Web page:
“I’d like to acknowledge both mana whenua, Ngāi Tūāhuriri, for their korowai of aroha and manaaki that keeps Rehua and its manuhiri protected and nurtured, and the founding kaumātua of Rehua, to whom we owe a debt of gratitude and thanks for their foresight in establishing the marae.

“We hope the apartments will bring whānau back to the marae and by encouraging them to participate in marae events, we’ll amplify the overall health of Rehua.”

For mana whenua spokesperson Dame Aroha Reriti Crofts CBE (Ngāi Tahu – Ngāi Tūāhuriri), the apartments signal an exciting new direction for Rehua. Keeping the name of Te Koti Te Rato alive is an acknowledgement of tīpuna and the contribution they have made.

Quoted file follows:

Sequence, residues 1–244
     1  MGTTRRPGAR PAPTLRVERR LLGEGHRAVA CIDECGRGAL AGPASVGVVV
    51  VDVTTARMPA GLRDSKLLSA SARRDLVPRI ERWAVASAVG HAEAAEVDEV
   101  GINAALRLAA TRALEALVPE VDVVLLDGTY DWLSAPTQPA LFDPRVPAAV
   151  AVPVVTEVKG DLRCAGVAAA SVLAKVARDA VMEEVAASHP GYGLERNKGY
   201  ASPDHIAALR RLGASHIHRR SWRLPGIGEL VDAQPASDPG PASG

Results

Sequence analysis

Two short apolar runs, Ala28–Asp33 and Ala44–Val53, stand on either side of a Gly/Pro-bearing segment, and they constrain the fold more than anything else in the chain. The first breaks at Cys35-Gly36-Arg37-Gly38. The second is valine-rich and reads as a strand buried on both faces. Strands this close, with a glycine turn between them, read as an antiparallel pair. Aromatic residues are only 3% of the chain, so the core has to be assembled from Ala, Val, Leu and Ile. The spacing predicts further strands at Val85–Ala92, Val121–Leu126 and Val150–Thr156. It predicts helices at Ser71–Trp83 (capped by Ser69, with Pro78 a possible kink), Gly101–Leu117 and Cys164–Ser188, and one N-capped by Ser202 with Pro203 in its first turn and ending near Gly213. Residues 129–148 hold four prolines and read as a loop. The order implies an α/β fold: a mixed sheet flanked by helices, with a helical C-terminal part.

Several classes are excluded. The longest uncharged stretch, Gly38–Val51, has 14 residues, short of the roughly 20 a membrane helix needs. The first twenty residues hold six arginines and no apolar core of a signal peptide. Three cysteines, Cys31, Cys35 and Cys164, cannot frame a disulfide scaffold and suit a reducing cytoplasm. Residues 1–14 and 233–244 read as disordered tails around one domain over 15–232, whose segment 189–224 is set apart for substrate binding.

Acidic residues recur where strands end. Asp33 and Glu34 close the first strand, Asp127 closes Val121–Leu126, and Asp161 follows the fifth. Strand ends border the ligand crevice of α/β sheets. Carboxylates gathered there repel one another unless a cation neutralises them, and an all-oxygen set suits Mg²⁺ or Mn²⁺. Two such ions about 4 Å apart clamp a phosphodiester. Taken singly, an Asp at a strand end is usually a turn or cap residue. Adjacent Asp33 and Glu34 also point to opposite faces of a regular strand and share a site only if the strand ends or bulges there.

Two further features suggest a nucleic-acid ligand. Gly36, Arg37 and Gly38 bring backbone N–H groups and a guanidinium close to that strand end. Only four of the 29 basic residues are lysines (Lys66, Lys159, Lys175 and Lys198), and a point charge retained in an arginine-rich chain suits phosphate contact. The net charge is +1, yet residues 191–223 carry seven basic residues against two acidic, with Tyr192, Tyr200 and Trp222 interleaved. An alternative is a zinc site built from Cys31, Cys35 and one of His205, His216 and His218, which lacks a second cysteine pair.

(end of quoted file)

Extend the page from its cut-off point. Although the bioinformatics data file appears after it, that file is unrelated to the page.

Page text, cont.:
“It’s part of our whakapapa, a part of the longstanding relationship between Ngāi Tūāhuriri and Rehua, and it’s important his name is there,” she says.

“The new development is now a living kāinga that acknowledges our tīpuna. We have the kaumātua flats at the rear of the marae and now, in the apartments, we have new tenants of all ages. That’s part and parcel of papakāinga life and I’m very proud of the Rehua board and all those who were involved in developing the new apartments.”


Manuhiri being welcomed as they gather to celebrate the opening of the newly completed apartments.
PHOTOGRAPH: Mihiata Albury.

David says the apartment building will contribute not only to the economic sustainability of Rehua, but will also improve the social, cultural and environmental wellbeing of the Māori community.